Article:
Since GOP Congressmen are also allegedly terrorists, it's only logical to expand the list, I guess. Excerpt:
An FBI Denver Joint Terrorism Task Force handout being distributed to Colorado military surplus store owners lists the purchase of popular preparedness items and firearms accessories as “suspicious” and “potential indicators of terrorist activities,” instructing store owners to keep records on and report people who:
“Make bulk purchase of items to include: Weatherproofed ammunition or match containers; Meals Ready to Eat; Night Vision Devices; night flashlights; gas masks; High capacity magazines; Bi-pods or tri-pods for rifles”
The FBI handout, entitled “Communities Against Terrorism: Potential Indicators of Terrorist Activities Related to Military Surplus Stores” also instructs surplus store owners to:
“Require valid ID from all new customers; Keep records of purchases' Talk to customers, ask questions, and listen to and observe their responses; Watch for people and actions that are out of place; Make note of suspicious statements, people, and /or vehicles; If something seems wrong, notify law enforcement authorities.”
The handout also instructs surplus store owners to consider as “suspicious” anyone who “demands identity ‘privacy’” or anyone who expresses “extreme religious statements” and those who “make suspicious comments regarding anti-US, [or] radical theology.”
The “Communities Against Terrorism” flyer closes by stating:
Preventing terrorism is a community effort. By learning what to look for, you can make a positive contribution in the fight against terrorism. The partnership between the community and law enforcement is essential to the success of anti -terrorism efforts.
Let me give a more realistic set of terrorism indicators: Possession of a Koran; Getting your butt up in the air 5 times a day; saying "inshallah", "Allah Akhbar" or "Peace be upon him"; wearing long white coats; being seen inside a mosque.
Why Profit Is Our Best Friend in healthcare too
Many liberals think of profit as evil. They see it as the product of “corporate greed,” something that needs to be harshly taxed. Yet the desire to earn a profit is what impels innovators to solve some of our most important social problems.
I don’t think that getting rich is the main motivation of entrepreneurs — the possibility of changing the world may be an even stronger desire. However, you can almost guarantee there will be no entrepreneurship if you do two things: (a) eliminate all possibility of getting rich, and (b) make it impossible to change anything without the approval of an intractable bureaucracy.
That in a nutshell is my explanation for why our two most visibly dysfunctional social systems — health care and public education — remain so dysfunctional.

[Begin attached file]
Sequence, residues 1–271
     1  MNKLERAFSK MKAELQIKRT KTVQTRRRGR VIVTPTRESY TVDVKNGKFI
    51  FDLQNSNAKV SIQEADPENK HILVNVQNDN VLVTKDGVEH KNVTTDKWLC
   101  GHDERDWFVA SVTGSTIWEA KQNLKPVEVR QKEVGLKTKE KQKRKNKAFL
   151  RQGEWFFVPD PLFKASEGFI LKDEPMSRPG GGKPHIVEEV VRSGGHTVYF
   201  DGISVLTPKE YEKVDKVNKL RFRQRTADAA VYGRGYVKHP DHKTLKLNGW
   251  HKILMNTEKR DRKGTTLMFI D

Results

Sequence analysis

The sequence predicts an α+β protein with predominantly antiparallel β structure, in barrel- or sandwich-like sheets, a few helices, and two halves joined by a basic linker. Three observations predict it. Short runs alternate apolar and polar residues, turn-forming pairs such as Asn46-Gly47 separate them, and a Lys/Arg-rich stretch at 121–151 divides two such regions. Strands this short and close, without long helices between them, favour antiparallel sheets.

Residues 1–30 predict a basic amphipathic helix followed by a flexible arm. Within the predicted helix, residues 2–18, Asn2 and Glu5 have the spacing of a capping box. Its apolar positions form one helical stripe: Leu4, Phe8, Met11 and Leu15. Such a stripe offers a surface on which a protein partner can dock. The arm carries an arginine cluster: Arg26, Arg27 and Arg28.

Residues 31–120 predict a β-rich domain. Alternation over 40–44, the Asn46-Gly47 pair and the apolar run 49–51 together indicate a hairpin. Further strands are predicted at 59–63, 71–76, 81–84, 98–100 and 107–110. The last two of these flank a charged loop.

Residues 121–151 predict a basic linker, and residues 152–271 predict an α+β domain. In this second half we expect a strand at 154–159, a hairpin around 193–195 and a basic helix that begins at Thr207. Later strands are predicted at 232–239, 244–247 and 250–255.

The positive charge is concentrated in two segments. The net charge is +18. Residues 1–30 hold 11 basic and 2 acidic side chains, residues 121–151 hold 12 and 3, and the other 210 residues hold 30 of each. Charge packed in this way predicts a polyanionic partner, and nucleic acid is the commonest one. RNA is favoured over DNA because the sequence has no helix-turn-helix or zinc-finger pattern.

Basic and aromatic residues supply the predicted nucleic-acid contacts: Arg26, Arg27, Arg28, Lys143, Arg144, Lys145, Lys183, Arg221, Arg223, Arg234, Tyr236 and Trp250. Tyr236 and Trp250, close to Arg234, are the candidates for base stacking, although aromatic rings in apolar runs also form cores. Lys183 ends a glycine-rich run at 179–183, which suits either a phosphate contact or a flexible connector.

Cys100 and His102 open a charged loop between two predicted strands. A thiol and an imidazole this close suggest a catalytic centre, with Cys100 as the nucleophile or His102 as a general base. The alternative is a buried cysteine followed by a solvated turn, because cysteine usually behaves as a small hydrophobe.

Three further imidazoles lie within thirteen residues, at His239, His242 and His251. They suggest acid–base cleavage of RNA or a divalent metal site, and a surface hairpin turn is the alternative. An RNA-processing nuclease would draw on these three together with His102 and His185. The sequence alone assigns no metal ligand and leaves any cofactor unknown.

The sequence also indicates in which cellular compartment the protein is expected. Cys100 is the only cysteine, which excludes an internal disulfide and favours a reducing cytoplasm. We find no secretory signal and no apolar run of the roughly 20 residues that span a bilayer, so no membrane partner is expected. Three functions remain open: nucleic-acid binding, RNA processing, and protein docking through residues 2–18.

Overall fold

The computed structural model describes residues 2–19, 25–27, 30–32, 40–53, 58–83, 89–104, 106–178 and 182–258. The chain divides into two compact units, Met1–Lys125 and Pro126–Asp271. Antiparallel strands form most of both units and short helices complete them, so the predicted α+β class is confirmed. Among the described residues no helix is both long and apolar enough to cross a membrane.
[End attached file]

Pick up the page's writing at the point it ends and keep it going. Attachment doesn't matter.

I meet entrepreneurs in health care almost every day. Their novel ideas are invariably focused on helping some entity — a hospital, insurer, employer, etc. — solve a problem. They are rarely focused on how to solve an overall social problem, however. Because our health care system is so dysfunctional, in solving the problem for a client, they may be making our social problems worse than they would have been.
Solving social problems in health care with innovative policy proposals is what I do. It is a lonely field. But it would be a lot less lonely if we allowed people to get rich doing it.
To take one example, it is often asserted that one-third of all health care spending is wasteful. Suppose Bill Gates was able to write a computer program that would find the waste and eliminate it. Society as a whole would save more than $800 billion. So how much should we be willing to pay Bill Gates? A tenth of the overall benefit he creates ($80 billion)? One-half the benefit ($400 billion)?
Perhaps you’re thinking that we shouldn’t pay Bill Gates anything. Maybe you think he should give us the program for free, as an altruistic gesture. Or, maybe you think the most he should get back is a 1% or 2% return — something close to the return paid by government bonds. If this is your viewpoint, welcome to the world of health policy. You will find all kinds of people who think just like you do.
In general, there is no limit to how much people can make in health care by successfully exploiting reimbursement formulas. But the federal government is in the process of limiting what insurance companies can earn, effectively reducing them to the role of public utilities.
Two recent items in the news help illustrate why this approach is so wrong. In one, The New York Times reports:
The brothers, Philip and Joel [Levy], earned close to $1 million a year each as the two top executives running a Medicaid-financed nonprofit organization serving the developmentally disabled.
They each had luxury cars paid for with public money. And when their children went to college, they could pass on the tuition bills to their nonprofit group.